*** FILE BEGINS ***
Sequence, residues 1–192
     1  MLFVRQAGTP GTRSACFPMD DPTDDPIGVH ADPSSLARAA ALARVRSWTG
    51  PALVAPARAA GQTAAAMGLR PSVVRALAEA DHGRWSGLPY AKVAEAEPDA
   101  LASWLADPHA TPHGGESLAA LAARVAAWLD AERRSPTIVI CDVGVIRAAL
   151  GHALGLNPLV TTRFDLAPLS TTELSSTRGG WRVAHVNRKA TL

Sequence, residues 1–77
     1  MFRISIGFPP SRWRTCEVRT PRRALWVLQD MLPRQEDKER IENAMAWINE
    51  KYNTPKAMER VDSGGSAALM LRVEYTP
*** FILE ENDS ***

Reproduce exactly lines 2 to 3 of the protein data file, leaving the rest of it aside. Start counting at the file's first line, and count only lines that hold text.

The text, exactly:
     1  MLFVRQAGTP GTRSACFPMD DPTDDPIGVH ADPSSLARAA ALARVRSWTG
    51  PALVAPARAA GQTAAAMGLR PSVVRALAEA DHGRWSGLPY AKVAEAEPDA